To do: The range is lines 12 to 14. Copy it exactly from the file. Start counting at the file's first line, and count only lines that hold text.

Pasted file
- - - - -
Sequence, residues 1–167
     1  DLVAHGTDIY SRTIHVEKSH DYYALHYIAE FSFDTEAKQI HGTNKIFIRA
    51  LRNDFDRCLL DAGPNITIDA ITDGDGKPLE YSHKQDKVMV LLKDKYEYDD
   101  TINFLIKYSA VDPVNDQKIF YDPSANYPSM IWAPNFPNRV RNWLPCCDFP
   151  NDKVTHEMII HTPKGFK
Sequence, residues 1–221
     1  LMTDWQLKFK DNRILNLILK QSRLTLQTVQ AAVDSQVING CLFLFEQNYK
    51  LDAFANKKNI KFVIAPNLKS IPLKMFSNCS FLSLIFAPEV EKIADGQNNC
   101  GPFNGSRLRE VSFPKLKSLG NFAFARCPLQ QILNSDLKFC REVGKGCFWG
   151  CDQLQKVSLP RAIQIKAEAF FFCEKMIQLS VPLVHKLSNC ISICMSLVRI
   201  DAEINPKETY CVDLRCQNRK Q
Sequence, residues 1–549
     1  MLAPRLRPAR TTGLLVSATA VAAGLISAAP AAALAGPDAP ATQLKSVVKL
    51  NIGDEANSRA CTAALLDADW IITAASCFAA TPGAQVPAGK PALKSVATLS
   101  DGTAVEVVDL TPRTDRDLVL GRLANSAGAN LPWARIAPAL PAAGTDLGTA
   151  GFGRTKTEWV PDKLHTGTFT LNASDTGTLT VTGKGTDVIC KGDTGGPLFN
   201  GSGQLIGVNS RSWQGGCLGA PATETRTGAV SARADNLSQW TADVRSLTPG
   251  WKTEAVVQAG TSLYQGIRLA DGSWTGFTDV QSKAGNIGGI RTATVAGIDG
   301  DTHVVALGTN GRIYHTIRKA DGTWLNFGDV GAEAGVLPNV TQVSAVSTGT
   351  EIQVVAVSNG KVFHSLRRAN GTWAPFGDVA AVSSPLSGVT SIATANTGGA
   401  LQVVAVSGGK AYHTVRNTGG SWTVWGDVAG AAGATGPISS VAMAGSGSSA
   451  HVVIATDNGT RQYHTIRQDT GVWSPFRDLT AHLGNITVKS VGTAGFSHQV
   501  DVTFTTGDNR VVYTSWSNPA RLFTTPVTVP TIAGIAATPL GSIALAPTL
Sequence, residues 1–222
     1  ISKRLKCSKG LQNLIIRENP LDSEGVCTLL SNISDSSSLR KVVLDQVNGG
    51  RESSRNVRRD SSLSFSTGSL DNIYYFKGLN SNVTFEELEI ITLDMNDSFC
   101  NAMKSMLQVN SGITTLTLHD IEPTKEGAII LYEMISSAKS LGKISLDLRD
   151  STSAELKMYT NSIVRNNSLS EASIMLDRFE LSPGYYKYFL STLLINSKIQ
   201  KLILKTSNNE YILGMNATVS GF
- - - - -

Sequence, residues 1–549
     1  MLAPRLRPAR TTGLLVSATA VAAGLISAAP AAALAGPDAP ATQLKSVVKL
    51  NIGDEANSRA CTAALLDADW IITAASCFAA TPGAQVPAGK PALKSVATLS